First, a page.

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Updated: April 17, 2013 18:22 IST

A promise kept

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Keeping a proimise... Photo: Paul Noronha
The Hindu
Keeping a proimise... Photo: Paul Noronha

A sense of relief from having done something right…finally!

I always thought myself to be a man of my word. But I was proven otherwise when I recently went to a school for the visually challenged near my college as part of a charity programme. Nothing in the 18 years of my life could prepare me for what I saw there. It wasn’t a feeling of sorrow or pity but a feeling of awe and even inspiration laced with a hint of sadness. To them happiness was things that we often took for granted. It would be just talking to people, reading or playing cricket…

Everyone loved playing cricket. You can see the happiness in their faces when they play. But this school did not have enough bats and balls. So, it was with all virtue that we — my friends and I — decided to pool our money and buy it for them. A few conference calls and group messages later we decided to get them next week. But then the “next week” dragged on to another week and then next month and soon lay forgotten, buried under our infinite problems.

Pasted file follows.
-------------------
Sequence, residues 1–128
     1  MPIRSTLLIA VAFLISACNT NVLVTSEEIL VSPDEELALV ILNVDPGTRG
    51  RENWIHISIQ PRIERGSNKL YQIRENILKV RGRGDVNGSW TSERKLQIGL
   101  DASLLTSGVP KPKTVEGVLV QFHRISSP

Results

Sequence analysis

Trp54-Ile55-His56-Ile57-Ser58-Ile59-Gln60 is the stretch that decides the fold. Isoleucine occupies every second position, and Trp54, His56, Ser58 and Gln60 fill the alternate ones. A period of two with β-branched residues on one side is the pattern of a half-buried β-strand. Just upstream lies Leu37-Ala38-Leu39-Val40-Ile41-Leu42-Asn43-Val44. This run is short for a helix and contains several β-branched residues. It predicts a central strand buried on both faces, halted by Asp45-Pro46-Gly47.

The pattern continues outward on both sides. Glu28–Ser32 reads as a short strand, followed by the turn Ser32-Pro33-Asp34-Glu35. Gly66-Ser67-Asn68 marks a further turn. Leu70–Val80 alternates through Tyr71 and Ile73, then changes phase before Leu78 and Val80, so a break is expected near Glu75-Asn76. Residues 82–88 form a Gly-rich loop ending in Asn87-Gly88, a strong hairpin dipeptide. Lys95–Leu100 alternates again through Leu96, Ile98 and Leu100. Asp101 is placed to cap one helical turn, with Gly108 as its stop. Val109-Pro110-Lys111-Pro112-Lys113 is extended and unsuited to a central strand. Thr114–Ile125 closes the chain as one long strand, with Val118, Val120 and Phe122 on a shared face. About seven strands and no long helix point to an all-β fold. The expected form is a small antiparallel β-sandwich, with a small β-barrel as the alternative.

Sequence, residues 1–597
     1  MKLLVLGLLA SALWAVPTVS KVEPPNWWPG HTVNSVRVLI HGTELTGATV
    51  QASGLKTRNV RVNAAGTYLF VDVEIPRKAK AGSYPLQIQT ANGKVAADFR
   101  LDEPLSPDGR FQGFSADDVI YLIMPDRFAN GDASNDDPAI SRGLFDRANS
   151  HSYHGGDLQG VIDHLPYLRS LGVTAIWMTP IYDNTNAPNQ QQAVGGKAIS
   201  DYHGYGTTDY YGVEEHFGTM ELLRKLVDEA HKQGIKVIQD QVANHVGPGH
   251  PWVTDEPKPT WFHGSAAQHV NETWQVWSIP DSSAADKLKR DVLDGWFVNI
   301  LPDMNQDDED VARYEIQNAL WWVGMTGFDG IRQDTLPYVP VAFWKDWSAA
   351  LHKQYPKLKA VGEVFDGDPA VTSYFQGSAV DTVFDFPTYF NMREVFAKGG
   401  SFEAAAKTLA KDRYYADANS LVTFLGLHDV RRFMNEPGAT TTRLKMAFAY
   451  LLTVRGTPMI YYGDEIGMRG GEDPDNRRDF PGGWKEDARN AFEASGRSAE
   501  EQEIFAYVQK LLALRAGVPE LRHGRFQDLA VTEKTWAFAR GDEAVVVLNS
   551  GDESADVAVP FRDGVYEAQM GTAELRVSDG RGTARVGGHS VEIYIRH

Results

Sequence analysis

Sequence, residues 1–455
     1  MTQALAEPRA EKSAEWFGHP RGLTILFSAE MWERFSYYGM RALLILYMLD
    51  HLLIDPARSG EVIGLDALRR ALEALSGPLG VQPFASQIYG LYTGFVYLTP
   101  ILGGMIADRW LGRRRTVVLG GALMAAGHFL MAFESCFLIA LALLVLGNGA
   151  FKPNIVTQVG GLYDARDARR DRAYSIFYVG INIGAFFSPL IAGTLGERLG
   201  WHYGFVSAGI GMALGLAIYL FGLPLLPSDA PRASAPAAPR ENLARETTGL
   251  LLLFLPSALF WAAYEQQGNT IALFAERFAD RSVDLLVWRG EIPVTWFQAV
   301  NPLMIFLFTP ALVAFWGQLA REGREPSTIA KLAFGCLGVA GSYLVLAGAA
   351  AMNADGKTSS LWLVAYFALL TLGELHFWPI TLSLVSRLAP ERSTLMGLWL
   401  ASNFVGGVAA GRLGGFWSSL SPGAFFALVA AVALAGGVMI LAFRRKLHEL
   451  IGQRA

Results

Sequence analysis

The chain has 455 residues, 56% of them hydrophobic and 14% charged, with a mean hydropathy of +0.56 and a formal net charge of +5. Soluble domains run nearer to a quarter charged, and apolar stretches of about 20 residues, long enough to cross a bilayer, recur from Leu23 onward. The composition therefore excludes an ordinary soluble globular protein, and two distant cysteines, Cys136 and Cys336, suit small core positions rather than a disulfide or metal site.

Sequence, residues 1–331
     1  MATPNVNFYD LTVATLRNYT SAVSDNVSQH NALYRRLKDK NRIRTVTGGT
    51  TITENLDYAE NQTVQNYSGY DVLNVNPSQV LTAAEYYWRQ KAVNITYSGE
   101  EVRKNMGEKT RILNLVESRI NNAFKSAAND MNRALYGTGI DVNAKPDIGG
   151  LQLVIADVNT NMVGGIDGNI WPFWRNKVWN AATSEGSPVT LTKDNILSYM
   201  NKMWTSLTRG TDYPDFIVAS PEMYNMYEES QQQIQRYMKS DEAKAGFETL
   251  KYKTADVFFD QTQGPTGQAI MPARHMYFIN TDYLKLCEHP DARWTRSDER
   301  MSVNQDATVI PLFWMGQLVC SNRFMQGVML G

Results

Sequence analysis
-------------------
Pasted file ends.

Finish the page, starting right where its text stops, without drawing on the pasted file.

Two years later, when I was surfing the channels on a Saturday morning, half asleep, I heard the word “promise”. It took me a while to process the word, and when I did I suddenly felt guilty — that I had done nothing for those kids. I had prided myself for being a man of my word, but then I too had become a man of words alone. For weeks together the guilt disturbed me and finally I came up with a solution. I got in touch with two of my friends, Sai Sudhir and Mohammed Asik, owned a charity trust were looking for ideas for an event. After two weeks of frantic planning, fundraising and procurement we were able to pull it off!

There we were at the school for the visually challenged with bats, balls and loads of other educational resources. We organised a few singing and oratorical events for the children and gave those gifts away as prizes. When it was time to leave, a kid held my hand. He smiled and thanked me. It was a “thanks” which came from the heart; one which didn’t arise out of necessity but out of real gratitude.

It was then that I got a sense of relief not from a sense of personal victory or of getting rid of that prick in my heart. It was because I finally felt that I had done something right.


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